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Biochemistry. 1992 May 5;31(17):4324-33.

Structural and energetic consequences of disruptive mutations in a protein core.

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Department of Biology, Massachusetts Institute of Technology, Cambridge 02139.


We have characterized the properties of a set of variants of the N-terminal domain of lambda repressor bearing disruptive mutations in the hydrophobic core. These mutations include some that dramatically alter the total core residue volume (by up to six methylene groups) and some that place a single polar residue into the otherwise hydrophobic core. The structural properties of the purified proteins have been studied by CD spectroscopy, biological activity, recognition by conformation-specific monoclonal antibodies, and 1H NMR spectroscopy. The stabilities of the proteins have been measured by thermal and guanidine hydrochloride denaturation. Proteins with disruptive core mutations are found to display a continuum of increasingly nonnative properties. Large internal volume changes cause both significant conformational rearrangements and destabilization by up to 5 kcal/mol. Variants with polar substitutions at core positions no longer behave like well-folded proteins but rather display characteristics of molten globules. However, even proteins bearing some of the most disruptive mutations retain many of the crude secondary and tertiary structural features of the wild-type protein. These results indicate that primitive elements of native structure can form in the absence of normal core packing.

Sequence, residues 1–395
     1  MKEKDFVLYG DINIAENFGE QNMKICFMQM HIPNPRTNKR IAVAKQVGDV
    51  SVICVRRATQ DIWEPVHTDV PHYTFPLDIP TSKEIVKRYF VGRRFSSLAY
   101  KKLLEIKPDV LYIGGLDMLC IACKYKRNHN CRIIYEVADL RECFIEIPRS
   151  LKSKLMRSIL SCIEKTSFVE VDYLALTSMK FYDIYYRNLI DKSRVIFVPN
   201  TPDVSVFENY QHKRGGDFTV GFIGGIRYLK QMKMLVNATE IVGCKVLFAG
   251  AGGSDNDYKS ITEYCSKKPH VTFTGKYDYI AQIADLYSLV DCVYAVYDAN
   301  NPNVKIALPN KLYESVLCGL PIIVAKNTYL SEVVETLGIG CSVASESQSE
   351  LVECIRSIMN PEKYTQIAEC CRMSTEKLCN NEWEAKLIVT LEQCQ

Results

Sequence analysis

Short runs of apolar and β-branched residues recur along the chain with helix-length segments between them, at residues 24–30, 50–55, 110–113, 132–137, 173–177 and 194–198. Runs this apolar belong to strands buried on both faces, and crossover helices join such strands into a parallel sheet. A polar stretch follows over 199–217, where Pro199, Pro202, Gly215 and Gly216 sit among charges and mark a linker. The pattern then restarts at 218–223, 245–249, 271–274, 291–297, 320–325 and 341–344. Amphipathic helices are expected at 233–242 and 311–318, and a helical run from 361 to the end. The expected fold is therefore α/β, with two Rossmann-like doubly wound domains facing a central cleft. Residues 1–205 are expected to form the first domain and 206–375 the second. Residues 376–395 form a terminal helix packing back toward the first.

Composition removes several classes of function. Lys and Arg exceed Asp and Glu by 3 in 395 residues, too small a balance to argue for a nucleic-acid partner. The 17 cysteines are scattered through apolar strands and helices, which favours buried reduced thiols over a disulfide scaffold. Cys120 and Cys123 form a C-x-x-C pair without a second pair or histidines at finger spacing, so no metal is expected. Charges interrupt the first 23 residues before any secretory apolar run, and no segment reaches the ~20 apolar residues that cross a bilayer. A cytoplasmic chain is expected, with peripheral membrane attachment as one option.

[Indexed for MEDLINE]

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